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Tuesday, 20 May 2014

REPEAT: Who Wants to Be a Scammed Millionaire?

IMPORTANT EDITORIAL NOTE: Yesterday, Monday, my blog host suffered another distributed denial of service (DdoS) attack so hardly anyone could get to this blog or my other one, Time Goes By, until late in the day.

Therefore, I am leaving this story up for an additional day to give readers a chance to see it before it moves down the list.

This means that if I have emailed to tell you that your story or poem will be published on a certain day this week, it will appear one day later than expected.

By Dan Gogerty who blogs at Cast

For a few seconds on Saturday, I was a millionaire. A phone caller said the Publishers’ Clearing House crew was 15 miles away, ready to arrive at my door with a 1.1 million dollar check and $25,000 in cash.

I had a brief vision of me on the local news holding an oversized check and a bouquet of flowers. I wondered if I should change out of the faded teeshirt and ragged shorts I had been wearing to mow lawns.

Of course I knew it was a scam but I was intrigued with the methods so while he spoke I went online.

I would need a $600 moneypak card to “cover the taxes,” and no doubt I would have to give him the code number on the card before the sugar daddies would arrive with the cash.

Speaking of cash, he asked if I wanted the $25,000 in 100s or 50s. I should have asked for it all in pennies.

When he called again to confirm that I’d purchased the moneypak card, I explained to him that I had a press photographer, a group of relatives and a police officer friend ready to attend the big event. “With that much cash,” I said, “I don’t want to take any chances.”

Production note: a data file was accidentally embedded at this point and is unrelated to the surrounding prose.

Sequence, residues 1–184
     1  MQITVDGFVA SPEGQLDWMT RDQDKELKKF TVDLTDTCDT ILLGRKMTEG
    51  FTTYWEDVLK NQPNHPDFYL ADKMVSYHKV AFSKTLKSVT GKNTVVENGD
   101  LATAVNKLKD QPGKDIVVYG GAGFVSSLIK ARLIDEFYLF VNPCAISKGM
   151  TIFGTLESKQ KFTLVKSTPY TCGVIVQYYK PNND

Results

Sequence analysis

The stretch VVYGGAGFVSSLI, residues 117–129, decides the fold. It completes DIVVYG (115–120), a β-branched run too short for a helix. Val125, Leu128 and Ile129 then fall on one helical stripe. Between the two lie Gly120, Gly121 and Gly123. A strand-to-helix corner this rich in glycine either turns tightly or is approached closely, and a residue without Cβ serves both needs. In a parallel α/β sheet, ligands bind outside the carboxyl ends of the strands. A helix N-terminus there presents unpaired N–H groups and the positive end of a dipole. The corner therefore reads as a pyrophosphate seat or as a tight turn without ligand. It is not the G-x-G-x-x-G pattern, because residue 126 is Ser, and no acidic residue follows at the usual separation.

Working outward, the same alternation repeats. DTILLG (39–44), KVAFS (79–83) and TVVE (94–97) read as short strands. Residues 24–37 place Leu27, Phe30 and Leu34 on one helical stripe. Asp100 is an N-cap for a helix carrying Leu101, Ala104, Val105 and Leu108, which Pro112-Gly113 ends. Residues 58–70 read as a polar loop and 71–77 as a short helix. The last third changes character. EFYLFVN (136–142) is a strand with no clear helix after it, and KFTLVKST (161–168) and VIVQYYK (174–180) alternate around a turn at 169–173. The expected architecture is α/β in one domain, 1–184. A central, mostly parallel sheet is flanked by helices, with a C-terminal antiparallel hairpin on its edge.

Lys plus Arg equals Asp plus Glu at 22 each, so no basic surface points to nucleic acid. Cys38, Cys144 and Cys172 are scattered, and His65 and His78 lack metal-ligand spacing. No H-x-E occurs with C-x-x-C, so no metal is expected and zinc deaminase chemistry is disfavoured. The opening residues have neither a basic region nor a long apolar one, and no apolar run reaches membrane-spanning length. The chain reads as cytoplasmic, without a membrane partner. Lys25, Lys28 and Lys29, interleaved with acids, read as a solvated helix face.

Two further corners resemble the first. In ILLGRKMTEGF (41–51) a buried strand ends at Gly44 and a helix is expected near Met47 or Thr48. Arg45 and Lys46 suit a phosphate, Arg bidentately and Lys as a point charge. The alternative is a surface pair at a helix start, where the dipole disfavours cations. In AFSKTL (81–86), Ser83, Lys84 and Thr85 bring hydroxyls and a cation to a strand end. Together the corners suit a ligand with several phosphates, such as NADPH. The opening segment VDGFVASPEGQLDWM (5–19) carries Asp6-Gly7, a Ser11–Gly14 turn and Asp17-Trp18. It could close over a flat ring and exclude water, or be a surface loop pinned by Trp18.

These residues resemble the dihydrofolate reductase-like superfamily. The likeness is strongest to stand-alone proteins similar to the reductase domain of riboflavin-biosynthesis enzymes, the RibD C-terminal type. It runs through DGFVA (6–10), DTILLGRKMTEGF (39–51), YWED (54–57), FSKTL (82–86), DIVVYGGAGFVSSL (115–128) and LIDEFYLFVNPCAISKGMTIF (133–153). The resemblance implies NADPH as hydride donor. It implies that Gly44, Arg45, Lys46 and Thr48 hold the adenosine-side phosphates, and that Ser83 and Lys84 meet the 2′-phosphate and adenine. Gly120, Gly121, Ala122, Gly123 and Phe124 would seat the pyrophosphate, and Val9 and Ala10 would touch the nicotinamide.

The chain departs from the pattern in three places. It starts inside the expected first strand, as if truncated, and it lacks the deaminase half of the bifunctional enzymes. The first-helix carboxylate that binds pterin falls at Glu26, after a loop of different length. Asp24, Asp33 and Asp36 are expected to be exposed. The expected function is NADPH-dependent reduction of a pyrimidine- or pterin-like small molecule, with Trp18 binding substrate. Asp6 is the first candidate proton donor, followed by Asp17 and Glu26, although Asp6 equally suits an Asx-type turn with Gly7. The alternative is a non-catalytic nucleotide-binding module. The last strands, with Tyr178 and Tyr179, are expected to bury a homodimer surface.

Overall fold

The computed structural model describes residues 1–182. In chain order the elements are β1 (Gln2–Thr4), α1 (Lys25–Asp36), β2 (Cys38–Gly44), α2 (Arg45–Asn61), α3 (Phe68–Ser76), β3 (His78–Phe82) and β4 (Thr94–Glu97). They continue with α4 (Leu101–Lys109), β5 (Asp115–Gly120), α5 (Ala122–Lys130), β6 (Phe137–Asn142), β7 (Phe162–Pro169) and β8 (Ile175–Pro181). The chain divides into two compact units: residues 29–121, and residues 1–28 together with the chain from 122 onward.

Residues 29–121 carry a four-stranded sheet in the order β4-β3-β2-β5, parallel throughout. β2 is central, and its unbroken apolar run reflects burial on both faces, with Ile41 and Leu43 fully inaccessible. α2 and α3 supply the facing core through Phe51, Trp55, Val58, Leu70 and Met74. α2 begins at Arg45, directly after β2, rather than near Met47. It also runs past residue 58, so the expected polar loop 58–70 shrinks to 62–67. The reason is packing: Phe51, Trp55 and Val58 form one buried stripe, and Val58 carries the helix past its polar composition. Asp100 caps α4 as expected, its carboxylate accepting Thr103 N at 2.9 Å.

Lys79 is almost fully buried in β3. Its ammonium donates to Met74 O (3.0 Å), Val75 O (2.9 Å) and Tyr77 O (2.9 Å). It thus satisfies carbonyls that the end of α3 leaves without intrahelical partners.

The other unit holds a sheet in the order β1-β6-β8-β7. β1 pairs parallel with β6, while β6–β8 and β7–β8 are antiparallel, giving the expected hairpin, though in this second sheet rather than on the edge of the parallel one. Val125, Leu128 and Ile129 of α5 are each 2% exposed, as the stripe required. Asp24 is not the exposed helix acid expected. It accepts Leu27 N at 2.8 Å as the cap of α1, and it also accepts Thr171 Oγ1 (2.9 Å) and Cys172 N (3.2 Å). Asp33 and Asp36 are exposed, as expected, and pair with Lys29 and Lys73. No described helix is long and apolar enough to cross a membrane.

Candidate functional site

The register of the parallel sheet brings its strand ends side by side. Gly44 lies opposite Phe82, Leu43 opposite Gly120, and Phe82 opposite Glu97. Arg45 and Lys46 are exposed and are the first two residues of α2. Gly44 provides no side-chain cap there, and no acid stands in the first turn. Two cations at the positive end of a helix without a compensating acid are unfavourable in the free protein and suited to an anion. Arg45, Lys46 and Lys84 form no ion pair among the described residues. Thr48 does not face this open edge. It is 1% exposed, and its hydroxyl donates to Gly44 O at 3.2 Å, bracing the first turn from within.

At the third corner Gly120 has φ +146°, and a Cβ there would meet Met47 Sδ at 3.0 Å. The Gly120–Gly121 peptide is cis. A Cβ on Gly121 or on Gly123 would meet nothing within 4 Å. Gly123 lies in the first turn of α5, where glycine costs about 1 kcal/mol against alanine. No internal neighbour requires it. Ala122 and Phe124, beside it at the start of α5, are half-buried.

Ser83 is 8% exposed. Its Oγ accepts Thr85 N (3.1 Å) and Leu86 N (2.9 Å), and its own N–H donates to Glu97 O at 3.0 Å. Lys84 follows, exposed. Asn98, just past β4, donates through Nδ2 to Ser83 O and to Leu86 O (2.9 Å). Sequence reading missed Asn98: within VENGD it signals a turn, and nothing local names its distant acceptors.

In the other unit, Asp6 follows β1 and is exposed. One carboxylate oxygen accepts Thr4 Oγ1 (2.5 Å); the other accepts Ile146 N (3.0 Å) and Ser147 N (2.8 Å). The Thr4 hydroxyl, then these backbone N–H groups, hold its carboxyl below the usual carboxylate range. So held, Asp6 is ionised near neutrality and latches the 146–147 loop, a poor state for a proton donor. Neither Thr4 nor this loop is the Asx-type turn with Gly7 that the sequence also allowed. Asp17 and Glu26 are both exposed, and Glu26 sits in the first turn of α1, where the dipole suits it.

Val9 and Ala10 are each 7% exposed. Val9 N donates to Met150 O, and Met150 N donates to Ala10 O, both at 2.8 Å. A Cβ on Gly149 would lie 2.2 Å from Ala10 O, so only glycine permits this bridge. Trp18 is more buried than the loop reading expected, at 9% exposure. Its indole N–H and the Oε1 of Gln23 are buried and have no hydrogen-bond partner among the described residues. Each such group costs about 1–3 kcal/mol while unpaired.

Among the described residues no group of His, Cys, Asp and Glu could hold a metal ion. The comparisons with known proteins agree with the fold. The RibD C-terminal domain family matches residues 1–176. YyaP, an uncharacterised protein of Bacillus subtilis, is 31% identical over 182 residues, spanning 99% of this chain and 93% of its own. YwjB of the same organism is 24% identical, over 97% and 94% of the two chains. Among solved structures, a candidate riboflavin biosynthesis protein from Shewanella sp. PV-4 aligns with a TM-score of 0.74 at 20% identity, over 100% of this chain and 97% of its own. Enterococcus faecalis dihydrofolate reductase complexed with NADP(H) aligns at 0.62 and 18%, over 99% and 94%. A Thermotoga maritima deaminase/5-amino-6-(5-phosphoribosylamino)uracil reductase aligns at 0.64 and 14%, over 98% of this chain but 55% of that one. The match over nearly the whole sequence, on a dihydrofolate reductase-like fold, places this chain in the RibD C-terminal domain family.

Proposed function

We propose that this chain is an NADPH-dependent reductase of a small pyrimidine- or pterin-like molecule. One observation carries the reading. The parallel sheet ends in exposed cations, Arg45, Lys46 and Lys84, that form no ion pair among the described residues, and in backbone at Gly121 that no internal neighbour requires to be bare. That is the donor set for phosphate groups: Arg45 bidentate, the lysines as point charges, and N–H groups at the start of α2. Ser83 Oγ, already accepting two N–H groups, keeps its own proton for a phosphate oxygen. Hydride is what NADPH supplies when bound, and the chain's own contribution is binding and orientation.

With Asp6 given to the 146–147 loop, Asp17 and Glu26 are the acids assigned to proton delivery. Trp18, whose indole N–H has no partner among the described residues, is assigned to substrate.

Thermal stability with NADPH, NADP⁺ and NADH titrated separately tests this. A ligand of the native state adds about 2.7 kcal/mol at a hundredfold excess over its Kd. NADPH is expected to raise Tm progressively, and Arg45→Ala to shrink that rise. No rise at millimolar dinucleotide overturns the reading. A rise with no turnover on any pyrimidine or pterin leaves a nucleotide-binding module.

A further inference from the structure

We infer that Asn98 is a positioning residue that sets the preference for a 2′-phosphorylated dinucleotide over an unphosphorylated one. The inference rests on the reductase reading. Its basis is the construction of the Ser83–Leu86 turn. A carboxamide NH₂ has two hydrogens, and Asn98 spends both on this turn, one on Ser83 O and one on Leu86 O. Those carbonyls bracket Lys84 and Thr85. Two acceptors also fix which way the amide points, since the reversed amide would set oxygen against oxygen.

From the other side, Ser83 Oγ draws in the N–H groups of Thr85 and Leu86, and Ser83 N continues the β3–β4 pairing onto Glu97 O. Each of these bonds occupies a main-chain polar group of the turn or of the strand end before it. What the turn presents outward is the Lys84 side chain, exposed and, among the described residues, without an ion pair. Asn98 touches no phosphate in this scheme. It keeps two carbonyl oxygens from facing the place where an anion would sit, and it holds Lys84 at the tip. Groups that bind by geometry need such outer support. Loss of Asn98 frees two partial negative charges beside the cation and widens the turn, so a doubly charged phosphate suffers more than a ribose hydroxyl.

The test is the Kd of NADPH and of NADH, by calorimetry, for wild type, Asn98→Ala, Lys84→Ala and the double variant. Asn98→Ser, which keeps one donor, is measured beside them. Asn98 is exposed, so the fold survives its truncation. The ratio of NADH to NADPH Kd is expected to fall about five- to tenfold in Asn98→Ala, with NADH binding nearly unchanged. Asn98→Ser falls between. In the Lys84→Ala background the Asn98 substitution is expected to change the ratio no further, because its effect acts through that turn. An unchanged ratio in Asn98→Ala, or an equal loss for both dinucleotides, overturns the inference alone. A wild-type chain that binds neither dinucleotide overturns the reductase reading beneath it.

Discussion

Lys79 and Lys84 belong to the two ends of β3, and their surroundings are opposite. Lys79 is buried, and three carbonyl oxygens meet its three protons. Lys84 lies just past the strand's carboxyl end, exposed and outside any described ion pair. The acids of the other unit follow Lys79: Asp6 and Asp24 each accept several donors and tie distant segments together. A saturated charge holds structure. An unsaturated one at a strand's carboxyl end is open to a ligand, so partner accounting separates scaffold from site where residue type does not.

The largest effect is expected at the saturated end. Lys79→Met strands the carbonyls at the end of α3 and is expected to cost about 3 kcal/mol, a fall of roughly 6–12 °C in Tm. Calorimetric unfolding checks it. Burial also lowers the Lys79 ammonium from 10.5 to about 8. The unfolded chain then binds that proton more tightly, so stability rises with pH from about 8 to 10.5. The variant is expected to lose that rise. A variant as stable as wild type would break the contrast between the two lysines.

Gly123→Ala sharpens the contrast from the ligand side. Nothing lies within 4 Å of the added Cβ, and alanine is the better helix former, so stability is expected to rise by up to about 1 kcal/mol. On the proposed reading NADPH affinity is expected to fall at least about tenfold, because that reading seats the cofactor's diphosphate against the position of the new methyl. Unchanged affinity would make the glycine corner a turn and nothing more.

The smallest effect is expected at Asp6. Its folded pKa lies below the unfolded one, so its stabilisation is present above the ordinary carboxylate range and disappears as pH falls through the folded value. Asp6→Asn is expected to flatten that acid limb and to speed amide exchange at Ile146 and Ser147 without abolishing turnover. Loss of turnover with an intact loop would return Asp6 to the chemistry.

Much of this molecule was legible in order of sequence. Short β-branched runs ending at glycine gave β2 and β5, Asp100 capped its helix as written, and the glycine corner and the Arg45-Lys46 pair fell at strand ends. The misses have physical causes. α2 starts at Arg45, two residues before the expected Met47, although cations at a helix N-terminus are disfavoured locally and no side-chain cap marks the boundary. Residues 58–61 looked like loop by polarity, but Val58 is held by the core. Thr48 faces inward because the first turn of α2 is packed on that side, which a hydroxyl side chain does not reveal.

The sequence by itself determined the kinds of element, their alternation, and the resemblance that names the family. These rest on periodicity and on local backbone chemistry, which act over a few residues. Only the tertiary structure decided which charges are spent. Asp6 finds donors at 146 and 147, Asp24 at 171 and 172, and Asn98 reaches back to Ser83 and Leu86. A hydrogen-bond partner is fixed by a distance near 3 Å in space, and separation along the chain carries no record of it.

I spoke of my pants-wetting excitement but he was only interested in the number off the money card. “Mr. Gogerty,” he said, “please listen. Do you have the moneypak?”

By then I’d checked his area code and my wife was calling the Better Business Bureau. My fun was over so I asked him why he scammed money from people. He hung up and from somewhere in Jamaica, he no doubt started in with another call.

Since then I’ve noted scam-related news and anecdotes popping up like dandelions. An elderly woman in a nearby town fell for the well-known ploy: “I’m your grandson; I’m in Montreal; I’ve been robbed. Wire me some money, please.”

Her bank account is $5000 lighter now.

From Nigerian princes on email to phony debt collectors on the phone, flim-flam activities will certainly continue. The dumbest I heard of came from a tweet (so its veracity is suspect). Apparently a guy was knocking on doors saying he was a tick inspector. He asked the resident to strip off so he could check for wood ticks and the dreaded deer tick.

Anyone who fell for that one should call me—I have a phone number in Jamaica they might want to call.


[INVITATION: All elders, 50 and older, are welcome to submit stories for this blog. They can be fiction, non-fiction, poetry, memoir, etc. Please read instructions for submitting.]

Posted by Ronni Bennett at 05:30 AM | Permalink | Email this post


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